Sunday, December 23, 2012

Tapping into Emotion - by Stephanie Burkhart

Happy Holidays from the Burkharts

First, I'd like to wish everyone a Happy Holiday Season! December has just flown by. I'm pooped. Thankfully, the only thing I have left to do now is bake cookies for Santa with my boys.

My boys are a hoot. Joe is 6, Andrew is 10, and they're my best resources when it comes to observing emotion, especially in kids. It's said that watching people is one of the best ways to understand human emotion. When writing for children, the best way to understand their emotions is to not only watch them, but interact with them.

Kids are so open and honest. I teach the 3's at my Sunday preschool and it's very rewarding. I've learned through my writing to keep the following in mind: physical signals, mental responses, and internal sensations.

Andrew is easy. When he's happy, he smiles like a Cheshire cat. When he's excited, he waves his hands. When he's disappointed or frustrated, he pouts and scowls. All these physical signals are what we writers can use to convey emotion and connect with readers.

Joe has sensory processing issues. When he's excited he talks a mile a minute and hand flaps. When he's frustrated, he wails and cries big and loud. All his physical signals are "amped up" compared to Andrew's.

It's easy to observe physical signals – a smile, a laugh, a tear, but as a writer, only you can add the depth required to a character to make them come alive.

Last week we had a Christmas party for the preschool children. Each got one cookie and a cup of milk. All the kids smiled. Who doesn't love a cookie? Cookies taste sweet and sweet makes children smile. (I suppose if it was salty we'd get a frown.)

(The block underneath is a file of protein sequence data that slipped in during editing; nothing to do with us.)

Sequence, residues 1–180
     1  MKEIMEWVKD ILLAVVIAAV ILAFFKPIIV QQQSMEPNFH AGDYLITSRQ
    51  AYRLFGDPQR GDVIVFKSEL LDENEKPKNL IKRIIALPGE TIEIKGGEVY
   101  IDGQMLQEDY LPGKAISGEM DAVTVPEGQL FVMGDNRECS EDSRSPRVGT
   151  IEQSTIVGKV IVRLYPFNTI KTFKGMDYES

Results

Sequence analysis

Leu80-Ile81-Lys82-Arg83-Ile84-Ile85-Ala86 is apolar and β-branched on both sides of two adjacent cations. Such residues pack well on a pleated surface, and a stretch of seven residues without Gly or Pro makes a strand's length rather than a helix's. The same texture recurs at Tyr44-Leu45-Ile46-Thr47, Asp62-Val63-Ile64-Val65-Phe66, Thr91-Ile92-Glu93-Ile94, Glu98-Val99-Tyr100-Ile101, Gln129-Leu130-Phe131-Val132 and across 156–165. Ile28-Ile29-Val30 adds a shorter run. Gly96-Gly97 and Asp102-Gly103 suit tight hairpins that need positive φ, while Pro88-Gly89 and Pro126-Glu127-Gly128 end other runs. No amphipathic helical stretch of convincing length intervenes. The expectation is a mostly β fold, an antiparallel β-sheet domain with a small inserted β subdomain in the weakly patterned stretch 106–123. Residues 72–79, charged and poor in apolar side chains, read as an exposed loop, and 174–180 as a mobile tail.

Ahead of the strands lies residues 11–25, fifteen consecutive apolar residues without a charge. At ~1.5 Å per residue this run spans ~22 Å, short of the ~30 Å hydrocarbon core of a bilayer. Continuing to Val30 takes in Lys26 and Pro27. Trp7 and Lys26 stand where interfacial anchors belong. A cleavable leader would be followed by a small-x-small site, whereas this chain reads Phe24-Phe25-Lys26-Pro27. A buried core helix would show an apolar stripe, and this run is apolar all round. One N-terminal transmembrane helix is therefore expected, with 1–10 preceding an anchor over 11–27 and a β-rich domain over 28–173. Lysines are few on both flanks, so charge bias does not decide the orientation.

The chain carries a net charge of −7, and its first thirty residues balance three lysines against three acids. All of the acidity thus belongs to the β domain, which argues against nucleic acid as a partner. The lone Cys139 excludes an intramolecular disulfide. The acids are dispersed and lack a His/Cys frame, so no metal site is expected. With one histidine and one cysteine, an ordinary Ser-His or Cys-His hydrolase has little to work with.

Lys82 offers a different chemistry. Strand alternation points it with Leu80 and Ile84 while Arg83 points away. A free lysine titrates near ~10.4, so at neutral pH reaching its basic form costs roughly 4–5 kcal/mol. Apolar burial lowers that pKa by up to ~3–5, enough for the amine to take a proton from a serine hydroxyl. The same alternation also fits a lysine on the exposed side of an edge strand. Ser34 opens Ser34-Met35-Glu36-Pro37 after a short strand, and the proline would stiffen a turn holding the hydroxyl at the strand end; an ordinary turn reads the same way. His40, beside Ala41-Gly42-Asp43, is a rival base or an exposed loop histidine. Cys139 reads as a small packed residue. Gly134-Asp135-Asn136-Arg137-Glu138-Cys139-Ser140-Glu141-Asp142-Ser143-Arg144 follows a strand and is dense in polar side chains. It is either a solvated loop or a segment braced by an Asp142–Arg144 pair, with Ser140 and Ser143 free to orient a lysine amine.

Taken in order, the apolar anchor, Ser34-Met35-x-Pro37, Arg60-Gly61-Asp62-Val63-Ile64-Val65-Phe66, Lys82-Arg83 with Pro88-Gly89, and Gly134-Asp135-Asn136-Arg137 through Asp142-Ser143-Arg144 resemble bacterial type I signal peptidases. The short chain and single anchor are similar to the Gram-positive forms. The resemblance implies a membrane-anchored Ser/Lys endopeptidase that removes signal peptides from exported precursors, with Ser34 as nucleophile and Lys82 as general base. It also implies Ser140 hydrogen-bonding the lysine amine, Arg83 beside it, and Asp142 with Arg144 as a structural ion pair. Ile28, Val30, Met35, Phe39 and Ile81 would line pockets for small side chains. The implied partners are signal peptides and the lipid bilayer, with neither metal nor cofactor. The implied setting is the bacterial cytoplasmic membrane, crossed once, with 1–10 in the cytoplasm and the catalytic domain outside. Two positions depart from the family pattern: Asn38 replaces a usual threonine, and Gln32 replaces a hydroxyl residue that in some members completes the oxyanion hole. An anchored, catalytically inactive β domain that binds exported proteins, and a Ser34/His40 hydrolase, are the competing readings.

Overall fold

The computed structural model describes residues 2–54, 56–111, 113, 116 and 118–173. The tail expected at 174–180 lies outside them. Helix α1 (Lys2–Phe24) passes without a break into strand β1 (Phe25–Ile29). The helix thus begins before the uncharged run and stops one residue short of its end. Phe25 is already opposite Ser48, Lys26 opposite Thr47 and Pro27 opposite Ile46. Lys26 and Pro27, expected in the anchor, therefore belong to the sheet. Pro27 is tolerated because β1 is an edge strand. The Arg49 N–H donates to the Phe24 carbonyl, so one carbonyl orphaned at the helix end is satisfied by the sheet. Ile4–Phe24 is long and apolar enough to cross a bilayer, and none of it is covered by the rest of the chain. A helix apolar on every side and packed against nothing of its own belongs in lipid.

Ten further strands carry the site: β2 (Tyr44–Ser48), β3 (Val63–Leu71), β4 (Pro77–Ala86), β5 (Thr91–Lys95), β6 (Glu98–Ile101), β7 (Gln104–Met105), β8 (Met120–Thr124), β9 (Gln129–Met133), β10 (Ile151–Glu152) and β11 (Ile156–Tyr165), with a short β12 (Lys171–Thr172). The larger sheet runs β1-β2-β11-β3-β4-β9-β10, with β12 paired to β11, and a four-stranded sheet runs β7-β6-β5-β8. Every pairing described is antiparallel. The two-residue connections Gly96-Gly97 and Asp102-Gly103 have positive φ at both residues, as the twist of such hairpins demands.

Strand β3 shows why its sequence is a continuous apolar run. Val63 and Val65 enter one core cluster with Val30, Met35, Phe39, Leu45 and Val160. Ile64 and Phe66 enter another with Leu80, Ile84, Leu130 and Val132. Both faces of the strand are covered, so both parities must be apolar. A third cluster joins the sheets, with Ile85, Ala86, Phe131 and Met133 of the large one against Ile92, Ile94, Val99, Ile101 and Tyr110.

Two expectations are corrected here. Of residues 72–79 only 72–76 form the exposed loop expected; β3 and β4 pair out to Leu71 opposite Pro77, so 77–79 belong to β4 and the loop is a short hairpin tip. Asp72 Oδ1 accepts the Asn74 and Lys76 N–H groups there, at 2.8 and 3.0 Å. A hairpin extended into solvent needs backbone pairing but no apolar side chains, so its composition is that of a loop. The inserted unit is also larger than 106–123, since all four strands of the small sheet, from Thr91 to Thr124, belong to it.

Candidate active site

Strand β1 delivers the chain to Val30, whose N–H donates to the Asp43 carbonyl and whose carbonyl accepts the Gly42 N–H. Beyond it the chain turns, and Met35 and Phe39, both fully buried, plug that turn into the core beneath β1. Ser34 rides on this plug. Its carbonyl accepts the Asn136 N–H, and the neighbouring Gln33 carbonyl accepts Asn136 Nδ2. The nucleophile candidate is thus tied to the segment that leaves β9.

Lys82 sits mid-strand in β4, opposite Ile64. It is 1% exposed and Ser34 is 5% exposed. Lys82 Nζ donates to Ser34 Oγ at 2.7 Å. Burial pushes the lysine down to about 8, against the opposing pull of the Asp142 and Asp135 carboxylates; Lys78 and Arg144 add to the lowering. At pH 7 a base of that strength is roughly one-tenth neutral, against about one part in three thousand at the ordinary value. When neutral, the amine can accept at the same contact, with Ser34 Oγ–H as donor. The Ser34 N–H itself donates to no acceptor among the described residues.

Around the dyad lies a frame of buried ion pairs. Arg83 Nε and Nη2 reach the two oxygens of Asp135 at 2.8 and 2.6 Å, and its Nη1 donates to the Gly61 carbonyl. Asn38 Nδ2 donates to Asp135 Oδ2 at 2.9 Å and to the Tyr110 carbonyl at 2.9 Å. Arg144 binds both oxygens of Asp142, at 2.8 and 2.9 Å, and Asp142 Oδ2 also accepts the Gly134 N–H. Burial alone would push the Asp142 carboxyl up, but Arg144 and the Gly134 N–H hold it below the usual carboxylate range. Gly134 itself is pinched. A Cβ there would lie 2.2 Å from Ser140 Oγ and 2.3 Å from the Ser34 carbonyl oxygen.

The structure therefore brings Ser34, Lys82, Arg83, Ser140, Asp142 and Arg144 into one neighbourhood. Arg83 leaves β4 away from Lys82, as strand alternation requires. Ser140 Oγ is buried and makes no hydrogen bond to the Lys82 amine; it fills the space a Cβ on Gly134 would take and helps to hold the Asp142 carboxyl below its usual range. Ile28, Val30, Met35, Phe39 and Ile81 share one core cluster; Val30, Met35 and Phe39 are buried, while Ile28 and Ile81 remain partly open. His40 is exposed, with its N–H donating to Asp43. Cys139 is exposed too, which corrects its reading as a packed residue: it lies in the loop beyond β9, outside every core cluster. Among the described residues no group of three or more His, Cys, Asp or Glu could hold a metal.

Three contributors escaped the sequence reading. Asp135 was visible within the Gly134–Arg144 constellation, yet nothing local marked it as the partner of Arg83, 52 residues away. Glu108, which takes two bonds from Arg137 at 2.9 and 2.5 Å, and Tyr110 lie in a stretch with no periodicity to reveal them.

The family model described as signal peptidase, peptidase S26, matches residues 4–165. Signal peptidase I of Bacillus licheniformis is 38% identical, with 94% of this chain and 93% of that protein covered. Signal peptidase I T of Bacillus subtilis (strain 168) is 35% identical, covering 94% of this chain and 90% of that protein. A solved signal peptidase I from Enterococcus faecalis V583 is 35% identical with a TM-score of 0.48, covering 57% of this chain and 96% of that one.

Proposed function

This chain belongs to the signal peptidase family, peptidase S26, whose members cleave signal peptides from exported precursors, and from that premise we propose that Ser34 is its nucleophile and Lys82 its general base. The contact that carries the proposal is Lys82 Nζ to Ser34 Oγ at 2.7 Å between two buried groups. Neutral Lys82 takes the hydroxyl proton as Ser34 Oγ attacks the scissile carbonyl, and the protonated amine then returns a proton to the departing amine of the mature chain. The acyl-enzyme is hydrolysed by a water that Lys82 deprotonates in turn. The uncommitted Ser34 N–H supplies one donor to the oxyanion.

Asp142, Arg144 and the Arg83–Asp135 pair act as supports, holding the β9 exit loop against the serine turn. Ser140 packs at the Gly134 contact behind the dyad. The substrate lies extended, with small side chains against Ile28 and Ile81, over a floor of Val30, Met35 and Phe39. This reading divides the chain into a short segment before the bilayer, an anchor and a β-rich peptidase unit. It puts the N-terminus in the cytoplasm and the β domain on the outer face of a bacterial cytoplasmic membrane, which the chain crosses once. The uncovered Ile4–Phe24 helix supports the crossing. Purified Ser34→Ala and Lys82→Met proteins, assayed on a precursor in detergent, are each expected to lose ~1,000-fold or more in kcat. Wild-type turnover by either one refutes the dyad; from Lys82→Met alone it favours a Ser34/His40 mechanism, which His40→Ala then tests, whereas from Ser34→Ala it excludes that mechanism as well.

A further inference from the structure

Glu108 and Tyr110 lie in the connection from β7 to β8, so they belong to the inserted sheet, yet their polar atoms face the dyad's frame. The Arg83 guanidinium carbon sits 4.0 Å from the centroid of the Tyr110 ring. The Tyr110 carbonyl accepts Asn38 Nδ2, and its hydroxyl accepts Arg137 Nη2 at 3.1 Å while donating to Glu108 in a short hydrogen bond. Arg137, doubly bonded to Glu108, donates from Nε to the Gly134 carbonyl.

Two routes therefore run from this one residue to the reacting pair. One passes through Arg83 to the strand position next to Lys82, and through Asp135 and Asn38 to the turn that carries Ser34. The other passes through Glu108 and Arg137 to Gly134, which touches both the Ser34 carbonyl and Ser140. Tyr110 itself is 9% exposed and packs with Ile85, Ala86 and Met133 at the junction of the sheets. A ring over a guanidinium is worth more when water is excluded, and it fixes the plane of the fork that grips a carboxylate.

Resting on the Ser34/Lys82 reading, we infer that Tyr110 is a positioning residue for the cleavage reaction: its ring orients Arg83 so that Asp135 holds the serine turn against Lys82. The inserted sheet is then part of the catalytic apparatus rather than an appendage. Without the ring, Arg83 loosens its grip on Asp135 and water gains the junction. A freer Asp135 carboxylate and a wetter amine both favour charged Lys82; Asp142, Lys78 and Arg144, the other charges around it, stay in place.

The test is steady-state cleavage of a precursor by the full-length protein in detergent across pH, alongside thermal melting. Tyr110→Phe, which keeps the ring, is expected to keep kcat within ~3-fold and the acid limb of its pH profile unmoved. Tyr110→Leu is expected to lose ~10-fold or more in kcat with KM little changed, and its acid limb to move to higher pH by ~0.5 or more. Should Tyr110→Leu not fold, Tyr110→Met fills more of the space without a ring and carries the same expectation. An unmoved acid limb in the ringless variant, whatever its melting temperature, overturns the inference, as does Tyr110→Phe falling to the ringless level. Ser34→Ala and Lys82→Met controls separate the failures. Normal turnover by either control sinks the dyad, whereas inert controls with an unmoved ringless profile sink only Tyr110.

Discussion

See how internal sensation, mental responses and physical signals play into emotion? Put them all together and you'll round out your characterization.

Question: Do you "people" watch? Do you take notes? How has people watching helped you a writer?
Joe reading one of his favorite books, Spider in Our Mailbox 

Author Bio: Stephanie Burkhart is a 911 Dispatcher for LAPD. She loves burning bayberry candles for Christmas. She puts a star on the tree and bakes cookies for Santa with her boys. Her 4RV books include: The Giving Meadow and First Flag of New Hampshire.

Reference for this blog: The Emotion Thesaurus, Angela Ackerman and Becca Puglisi, ISBN: 978-147-5004953, 2012

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  1. Dear Stephanie,
    Thanks for sharing your son with us. You are right. Using internal sensation, mental responses, and physical signals definitely play a significant role in showing emotion and traits of your characters.

    I hope you and your family enjoy a great Christmas and New Year.

    Never Give Up
    Joan Y. Edwards

  2. Joan, thanks for stopping by. :)
    Thanks for the well wishes, I hope you also have a great Christmas & New Year.

  3. Great post. Your boys are great for visualizing emotions, mine were also. Since the kids are grown I people watch and write down different things they do. My daughter and I would go to the mall and make up stories to there animation. Its so much fun and a great writers tool.
    Thanks for sharing and have a very Merry Christmas.

  4. Stephanie, it is easier to write for children when you can observe them in action. I use my 4 and 6 year old grandsons. :)